My Dilemma: I'm currently going through some anxiety in my relationship right now. My partner has a jealous streak and is paranoid. He went through my snapchat and found that I sent some pictures to some old male friends before we confirmed we were in a relationship 2 years ago. Now he is convinced I have been unfaithful for the duration of the relationship. How can I get him to see sense? Is it worth hanging on or should I walk away from someone that doesn't believe me? 

Female First Nicola Vanlint

Female First Nicola Vanlint

The first thing that comes to mind when reading your message is your use of the word ‘currently’. You say that you are ‘currently going through some anxiety in your relationship’, but how often does your partner’s jealousy and paranoia impact on your relationship? Is this the first time it has happened, or the first of many? How do you handle it if it has happened before? Have you tackled it head on, or have you been brushing it under the carpet?

I often use an analogy in my practice which relates to emotions and feelings being ‘brushed under the carpet’. If you brush something under the carpet, initially it doesn’t affect you because you can barely see what is being hidden, but if you continue to do this, the mess will become a hump which you have to skirt around to avoid. Eventually this hump can become so big that it consumes the whole room with nowhere to escape, leading feelings to become overwhelming and even unmanageable. This is something we need to avoid, and it explains why it is important to address issues head on.  

You ask if it is ‘worth hanging on’ or whether you should ‘walk away from someone who doesn’t believe you’. I am interested in your words ‘hanging on’ because the thought of someone literally hanging on to something does not appear comfortable or positive. Visualise what it feels like to hang on to something for a moment, and all the energy and resources this takes. Does this feel like a comfortable and stable position for you to be in? Does it look like the final straw? Can the energy and resources that you’re using to hang on to this relationship be used or focused elsewhere? Perhaps on yourself?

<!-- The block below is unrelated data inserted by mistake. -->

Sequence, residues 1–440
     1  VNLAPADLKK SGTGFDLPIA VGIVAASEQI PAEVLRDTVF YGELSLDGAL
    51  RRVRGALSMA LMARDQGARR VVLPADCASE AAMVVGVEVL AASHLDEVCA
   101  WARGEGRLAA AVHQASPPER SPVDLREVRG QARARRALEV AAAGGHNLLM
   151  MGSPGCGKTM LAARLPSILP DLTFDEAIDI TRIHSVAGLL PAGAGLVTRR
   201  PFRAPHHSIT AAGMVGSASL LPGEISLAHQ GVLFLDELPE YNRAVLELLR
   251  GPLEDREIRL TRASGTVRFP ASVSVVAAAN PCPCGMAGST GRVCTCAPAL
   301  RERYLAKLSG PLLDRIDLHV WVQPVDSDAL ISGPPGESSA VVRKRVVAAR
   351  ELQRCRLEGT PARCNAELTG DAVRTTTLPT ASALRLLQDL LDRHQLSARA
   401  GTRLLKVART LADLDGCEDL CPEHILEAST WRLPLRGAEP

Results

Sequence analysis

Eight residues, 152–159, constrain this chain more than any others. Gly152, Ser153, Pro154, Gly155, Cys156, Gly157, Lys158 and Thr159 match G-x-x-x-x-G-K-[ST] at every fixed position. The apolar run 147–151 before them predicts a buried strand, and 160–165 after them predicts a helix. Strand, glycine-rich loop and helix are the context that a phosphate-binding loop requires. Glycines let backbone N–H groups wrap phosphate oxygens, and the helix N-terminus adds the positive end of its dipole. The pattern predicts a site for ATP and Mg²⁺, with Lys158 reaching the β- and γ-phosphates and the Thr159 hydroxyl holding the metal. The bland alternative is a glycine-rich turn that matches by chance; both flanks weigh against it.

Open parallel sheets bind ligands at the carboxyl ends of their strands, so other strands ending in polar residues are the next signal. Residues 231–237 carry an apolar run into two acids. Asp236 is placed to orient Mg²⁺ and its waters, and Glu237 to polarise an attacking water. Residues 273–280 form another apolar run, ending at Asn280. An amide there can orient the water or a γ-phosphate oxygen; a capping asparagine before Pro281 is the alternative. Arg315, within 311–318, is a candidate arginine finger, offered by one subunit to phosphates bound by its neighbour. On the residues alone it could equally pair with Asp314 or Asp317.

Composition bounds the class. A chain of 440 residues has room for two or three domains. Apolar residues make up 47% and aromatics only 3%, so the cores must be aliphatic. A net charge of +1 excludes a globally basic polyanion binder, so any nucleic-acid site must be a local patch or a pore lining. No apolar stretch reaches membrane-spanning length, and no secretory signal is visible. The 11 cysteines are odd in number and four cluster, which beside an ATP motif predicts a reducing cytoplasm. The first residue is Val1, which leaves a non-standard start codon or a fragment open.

Change the perspective by asking yourself what you are hanging on for. What are you hoping for in this relationship? What do you want the outcome of this relationship to be? It is difficult to change those around us, but we have the power to decide what we want for ourselves. Think about what you want from your relationship and how to get this, and then consider how you can communicate this to your partner.

While walking away, instead of hanging on, will always seem easier in the literal sense, we must also consider all the time and energy you have invested in this relationship. You say you have been with your partner for two years, which means walking away won’t be as easy as it sounds. Reflect over the two years you have been together. How have they been for you? Have you been happy for all this time, or have you had similar issues in the past? Do you feel you have been hanging on for these two years?

It may also be helpful for you to externalise this issue by imagining your friend coming to you with the very same problem. This allows us to see scenarios more factually rather than emotionally. What advice would you give to this friend? Would you tell them to stick around, or walk away?

Indeed, you ask how to get your partner to ‘see sense’ but are you aware of the legalities involved in looking through someone’s phone? Have you had a discussion around this? This may help bring to light the severity of the situation for you. When having this discussion, be careful about putting blame or shame on your partner. People who have underlying issues around jealousy feel shame quickly, causing them to become defensive which can hinder the productivity of a conversation. Stick to the point that you are trying to make. Focus on the behaviour you are unhappy with (i.e. your partner going through your phone) and the emotions this made you feel because of it. Enter the conversation without expectations and be conscious that it may take time for him to digest your point of view.

Reflect inwards and focus on yourself for a moment. Your message gives the impression that you are focusing far too much on your partner and not enough on yourself. Reach out for your own self and think about what you need. Do you need support from other people? You could also benefit from speaking to a professional mediator through individual or couples therapy sessions. It will allow you and your partner to express your feelings in a neutral space, where you can both hear one another and get to the root of this issue.

Answer provided by Nicola Vanlint, BACP-Accredited Psychotherapist, specialising in anxiety, confidence, growth mindset and performance. Find more about Nicola on her website:

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